Your wine tasting can be like other wine tastings or you can do something completely different. Just how you will have your wine tasting set up is up to you but it is recommended that you have many different wines to choose from.
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Anonymous Wine Vin says:

Bottling Wine
bottling wine Wine Spectator is a fascinating place to spend a year on the Internet, there is so much to learn! Who knew?

One of the reasons so many people get Wine Spectator magazine is that it is a great quality read. It is not a fluff wine magazine like some of the other wine magazines out there on the shelves. No, Wine Spectator is dedicated to bringing you only the most important and relevant information about the wines of the world. Wine Spectator is also a great place for bottling wine you to read the best reviews and see the latest ratings on all kinds of different wines.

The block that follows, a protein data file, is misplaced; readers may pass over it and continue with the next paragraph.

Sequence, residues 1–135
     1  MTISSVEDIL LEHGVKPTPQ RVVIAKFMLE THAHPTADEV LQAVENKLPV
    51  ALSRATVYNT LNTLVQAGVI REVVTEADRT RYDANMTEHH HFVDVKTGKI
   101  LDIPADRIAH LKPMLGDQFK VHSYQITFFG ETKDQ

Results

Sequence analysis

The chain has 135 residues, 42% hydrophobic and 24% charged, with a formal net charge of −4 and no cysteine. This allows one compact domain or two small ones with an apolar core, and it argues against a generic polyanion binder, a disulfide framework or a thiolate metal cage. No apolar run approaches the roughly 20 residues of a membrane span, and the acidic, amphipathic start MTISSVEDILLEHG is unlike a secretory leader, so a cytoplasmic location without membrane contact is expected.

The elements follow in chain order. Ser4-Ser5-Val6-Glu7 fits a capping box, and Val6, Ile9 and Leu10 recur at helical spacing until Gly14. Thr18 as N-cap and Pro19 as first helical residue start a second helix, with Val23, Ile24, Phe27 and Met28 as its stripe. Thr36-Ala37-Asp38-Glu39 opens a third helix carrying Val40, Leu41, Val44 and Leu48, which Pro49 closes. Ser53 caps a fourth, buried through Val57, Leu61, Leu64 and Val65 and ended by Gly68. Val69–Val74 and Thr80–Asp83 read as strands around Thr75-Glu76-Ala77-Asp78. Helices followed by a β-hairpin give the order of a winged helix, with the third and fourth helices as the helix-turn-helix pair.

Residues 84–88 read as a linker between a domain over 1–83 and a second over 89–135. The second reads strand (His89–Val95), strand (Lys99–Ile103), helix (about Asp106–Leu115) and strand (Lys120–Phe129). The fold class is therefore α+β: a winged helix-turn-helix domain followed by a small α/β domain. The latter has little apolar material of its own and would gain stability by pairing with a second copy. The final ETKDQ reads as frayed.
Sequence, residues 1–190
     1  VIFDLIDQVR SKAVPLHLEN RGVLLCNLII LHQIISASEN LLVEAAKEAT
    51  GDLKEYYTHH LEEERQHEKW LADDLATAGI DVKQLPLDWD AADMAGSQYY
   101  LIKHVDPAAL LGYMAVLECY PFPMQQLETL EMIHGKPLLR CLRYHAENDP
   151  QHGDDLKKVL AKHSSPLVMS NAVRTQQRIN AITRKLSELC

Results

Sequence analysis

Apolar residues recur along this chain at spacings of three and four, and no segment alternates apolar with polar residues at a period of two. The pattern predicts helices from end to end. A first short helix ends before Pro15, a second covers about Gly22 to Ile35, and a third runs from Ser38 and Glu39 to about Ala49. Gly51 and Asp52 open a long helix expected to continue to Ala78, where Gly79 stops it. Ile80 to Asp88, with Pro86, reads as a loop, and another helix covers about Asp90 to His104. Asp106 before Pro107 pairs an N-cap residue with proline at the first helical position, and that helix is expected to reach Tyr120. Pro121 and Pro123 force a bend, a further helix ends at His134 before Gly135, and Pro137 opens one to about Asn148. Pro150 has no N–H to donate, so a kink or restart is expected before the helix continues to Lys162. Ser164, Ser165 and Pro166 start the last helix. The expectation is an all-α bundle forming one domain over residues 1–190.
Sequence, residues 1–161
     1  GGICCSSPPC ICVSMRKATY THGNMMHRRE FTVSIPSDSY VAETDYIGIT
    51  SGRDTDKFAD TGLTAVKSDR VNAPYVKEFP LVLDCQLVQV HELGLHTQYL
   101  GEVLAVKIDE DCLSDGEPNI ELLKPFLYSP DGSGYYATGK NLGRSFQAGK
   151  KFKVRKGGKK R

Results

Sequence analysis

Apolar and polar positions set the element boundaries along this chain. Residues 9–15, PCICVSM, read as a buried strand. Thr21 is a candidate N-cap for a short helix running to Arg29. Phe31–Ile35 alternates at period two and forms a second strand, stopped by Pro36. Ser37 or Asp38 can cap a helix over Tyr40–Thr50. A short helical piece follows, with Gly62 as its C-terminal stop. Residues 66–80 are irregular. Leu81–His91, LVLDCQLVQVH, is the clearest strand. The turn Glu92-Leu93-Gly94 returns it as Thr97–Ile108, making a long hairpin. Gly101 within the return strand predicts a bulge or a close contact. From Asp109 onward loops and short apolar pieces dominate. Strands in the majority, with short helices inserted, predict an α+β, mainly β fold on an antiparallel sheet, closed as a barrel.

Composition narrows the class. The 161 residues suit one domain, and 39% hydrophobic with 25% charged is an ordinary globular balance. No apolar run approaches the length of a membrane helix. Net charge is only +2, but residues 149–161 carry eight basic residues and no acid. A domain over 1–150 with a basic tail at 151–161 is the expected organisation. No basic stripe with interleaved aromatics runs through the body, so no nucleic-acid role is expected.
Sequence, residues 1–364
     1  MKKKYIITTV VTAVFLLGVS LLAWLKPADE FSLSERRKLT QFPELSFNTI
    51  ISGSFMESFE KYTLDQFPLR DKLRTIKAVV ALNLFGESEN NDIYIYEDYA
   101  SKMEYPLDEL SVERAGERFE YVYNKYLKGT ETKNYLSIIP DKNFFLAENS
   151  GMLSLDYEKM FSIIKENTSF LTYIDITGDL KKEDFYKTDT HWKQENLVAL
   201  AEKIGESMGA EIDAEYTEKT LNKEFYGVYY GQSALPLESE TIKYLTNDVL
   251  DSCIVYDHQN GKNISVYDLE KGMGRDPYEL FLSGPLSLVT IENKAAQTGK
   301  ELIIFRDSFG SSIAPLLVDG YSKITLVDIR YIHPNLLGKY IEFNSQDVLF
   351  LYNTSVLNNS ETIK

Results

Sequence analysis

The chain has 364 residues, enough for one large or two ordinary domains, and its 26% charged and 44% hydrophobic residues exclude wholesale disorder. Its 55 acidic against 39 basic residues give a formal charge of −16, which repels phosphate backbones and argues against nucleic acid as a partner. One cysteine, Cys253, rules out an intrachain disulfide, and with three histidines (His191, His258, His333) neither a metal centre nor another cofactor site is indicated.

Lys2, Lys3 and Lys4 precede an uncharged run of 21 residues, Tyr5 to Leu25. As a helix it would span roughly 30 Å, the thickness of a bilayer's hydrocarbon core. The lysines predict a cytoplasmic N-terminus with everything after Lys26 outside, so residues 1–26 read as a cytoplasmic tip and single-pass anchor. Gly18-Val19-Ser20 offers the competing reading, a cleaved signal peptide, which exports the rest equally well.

Wine Spectator deals with all kinds of wines. They look at reds, whites, sparkling wines and everything in between. If you have been struggling to find the perfect gift for the wine lover in your life look no further than Wine Spectator magazine. This is just what every wine enthusiast needs. So look into getting this fantastic magazine for your friends and co workers this year.